UPDATE 1-Cerberus blames economy for failed Innkeepers deal
* Backed out of $1.12 bln deal in August; Innkeepers sued
* Cerberus says unstable markets triggered pull-out clause
* Says Innkeepers not entitled to major damages (Adds comment from Innkeepers in 7th graph)
By Nick Brown
NEW YORK, Sept 12 (Reuters) - Cerberus Capital Management LP [CBS.UL] said economic instability triggered its decision to end a $1.12 billion purchase deal with bankrupt hotel operator Innkeepers USA Trust INKPQ.PK.
Responding to a lawsuit filed by Innkeepers in U.S. Bankruptcy Court in Manhattan, Cerberus said "unforeseeable" turmoil in the markets impacted Innkeepers' business, triggering a clause in the deal's contract allowing it to end the purchase.
The response, filed late on Friday, was Cerberus' first public explanation for invoking the "material adverse effect" clause to end the agreement.
Innkeepers, which had agreed to sell 64 hotels under brand names like Hilton, Hyatt and Marriott, sued Cerberus and its joint venture partner on the deal, investment firm Chatham Lodging Trust (CLDT.N), saying they backed out without explaining why. Cerberus and Chatham backed out of the purchase in August.
Innkeepers has said it received "vague" indications that economic fluctuation had triggered the decision, but chastised Cerberus and Chatham for their opaqueness on the issue.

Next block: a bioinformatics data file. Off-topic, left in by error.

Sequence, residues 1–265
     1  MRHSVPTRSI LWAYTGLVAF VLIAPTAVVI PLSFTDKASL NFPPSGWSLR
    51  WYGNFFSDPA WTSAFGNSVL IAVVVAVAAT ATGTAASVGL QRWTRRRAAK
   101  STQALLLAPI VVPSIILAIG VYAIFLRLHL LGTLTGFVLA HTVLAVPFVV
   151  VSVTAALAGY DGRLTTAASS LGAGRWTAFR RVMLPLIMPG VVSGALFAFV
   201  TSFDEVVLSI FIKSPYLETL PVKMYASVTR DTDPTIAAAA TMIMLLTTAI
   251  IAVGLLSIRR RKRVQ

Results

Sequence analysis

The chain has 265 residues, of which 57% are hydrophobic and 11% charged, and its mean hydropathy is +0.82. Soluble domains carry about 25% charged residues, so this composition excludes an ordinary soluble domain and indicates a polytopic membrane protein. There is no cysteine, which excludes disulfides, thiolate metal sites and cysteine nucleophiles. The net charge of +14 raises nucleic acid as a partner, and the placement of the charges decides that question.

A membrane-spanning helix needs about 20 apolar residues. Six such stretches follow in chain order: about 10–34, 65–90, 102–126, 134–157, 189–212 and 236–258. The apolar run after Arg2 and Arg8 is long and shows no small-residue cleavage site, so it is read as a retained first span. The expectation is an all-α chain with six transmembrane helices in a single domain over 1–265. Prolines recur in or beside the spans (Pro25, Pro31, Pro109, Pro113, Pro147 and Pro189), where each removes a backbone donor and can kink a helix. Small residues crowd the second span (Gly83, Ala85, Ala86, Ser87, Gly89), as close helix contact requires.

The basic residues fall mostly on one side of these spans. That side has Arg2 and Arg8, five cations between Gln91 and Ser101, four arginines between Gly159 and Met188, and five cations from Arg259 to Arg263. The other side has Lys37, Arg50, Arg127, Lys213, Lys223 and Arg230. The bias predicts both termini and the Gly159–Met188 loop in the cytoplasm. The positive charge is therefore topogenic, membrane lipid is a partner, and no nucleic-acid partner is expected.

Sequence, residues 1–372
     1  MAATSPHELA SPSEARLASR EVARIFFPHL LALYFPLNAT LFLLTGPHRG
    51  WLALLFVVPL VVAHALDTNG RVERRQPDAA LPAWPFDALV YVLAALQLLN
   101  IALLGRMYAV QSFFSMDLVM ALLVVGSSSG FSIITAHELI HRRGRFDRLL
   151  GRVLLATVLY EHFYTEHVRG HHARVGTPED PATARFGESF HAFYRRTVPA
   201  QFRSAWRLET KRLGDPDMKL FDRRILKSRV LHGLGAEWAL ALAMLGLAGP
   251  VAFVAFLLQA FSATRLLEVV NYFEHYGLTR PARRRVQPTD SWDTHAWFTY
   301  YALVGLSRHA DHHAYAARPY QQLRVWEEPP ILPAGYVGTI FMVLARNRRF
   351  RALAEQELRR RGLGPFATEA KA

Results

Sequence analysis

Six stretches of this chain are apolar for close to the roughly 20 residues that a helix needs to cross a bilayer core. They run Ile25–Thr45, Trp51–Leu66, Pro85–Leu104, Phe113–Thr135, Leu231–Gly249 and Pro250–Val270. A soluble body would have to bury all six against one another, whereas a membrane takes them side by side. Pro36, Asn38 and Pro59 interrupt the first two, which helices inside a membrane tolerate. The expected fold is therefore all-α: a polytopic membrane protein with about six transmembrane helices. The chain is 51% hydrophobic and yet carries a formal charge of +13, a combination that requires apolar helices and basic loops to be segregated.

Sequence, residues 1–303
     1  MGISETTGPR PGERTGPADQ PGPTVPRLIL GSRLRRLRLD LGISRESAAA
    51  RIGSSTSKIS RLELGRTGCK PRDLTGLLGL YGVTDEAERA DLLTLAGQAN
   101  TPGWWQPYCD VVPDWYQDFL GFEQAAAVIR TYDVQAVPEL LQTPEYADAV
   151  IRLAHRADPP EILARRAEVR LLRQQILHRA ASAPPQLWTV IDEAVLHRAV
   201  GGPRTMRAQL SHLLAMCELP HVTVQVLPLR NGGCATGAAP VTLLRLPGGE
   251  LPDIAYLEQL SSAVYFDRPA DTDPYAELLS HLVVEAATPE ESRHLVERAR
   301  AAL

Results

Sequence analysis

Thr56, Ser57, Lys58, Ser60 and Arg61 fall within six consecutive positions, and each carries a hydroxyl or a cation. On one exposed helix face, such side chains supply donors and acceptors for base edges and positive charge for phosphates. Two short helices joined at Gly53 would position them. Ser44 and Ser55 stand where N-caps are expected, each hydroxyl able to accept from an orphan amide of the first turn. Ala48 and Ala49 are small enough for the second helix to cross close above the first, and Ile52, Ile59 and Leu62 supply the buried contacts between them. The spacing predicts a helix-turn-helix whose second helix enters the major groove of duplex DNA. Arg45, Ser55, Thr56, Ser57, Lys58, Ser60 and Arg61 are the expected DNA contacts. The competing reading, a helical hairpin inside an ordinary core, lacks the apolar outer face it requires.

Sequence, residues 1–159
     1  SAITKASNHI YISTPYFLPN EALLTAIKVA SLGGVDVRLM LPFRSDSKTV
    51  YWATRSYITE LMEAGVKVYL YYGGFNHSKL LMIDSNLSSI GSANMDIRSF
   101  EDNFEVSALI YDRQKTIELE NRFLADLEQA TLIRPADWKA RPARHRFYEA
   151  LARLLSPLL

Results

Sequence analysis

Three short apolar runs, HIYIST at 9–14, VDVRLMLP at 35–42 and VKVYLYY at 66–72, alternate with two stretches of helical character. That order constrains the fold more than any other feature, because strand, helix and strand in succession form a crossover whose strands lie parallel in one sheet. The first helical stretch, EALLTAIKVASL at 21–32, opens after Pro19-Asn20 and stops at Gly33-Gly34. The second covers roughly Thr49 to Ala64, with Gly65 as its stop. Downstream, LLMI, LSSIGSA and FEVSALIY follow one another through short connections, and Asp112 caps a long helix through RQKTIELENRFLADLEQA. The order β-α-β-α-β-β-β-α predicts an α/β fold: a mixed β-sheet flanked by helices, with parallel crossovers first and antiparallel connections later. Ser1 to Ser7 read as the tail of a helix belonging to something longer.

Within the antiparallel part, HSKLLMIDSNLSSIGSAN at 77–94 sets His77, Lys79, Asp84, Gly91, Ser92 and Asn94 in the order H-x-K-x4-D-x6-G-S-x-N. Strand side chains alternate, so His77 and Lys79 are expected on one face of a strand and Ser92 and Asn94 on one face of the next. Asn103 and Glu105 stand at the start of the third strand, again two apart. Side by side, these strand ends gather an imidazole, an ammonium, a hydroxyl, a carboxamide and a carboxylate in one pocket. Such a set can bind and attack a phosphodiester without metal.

The hotel operator has said its business is performing well and that it does not believe an adverse change has taken place.
"Cerberus and Chatham signed a binding and irrevocable written agreement to acquire 64 hotels from Innkeepers," Marc Beilinson, the company's chief restructuring officer, said in a statement on Monday. "In their answers, Cerberus and Chatham yet again failed to provide any basis that a material adverse event has occurred with respect to Innkeepers' hotels."
Material adverse event clauses allow buyers to pull out of purchase commitments if the seller's business suffers a material change, but the language of Innkeepers' clause included general market volatility as a potential trigger.
Cerberus said in court papers that "adverse changes in the debt and equity capital markets between May 16, 2011, and today" changed Innkeepers for the worse.
Comparable hotel operators have seen 30 percent to 40 percent declines in equity, Cerberus said. It also cited the downgrade by Standard & Poor's of the United States' credit rating, and noted that some analysts are predicting a second recession.
Innkeepers, owned by Apollo Investment Corp (AINV.O), is demanding a court order forcing Cerberus and Chatham to close on the deal, or compensatory damages if they do not.
Cerberus said in its filing that, even if a breach has occurred, the terms of the deal limit damages to the $20 million deposit included in the buyout agreement.
Chatham, in a separate filing on Friday, denied the allegations and echoed Cerberus' position against damages.
The bankruptcy case is In re Innkeepers USA Trust, U.S. Bankruptcy Court, Southern District of New York, No. 10-13800.
The lawsuit is Innkeepers USA Trust et al v. Cerberus Series Four Holdings LLC et al, in the same court, No. 11-ap-2557. (Reporting by Nick Brown; editing by Gunna Dickson and Carol Bishopric)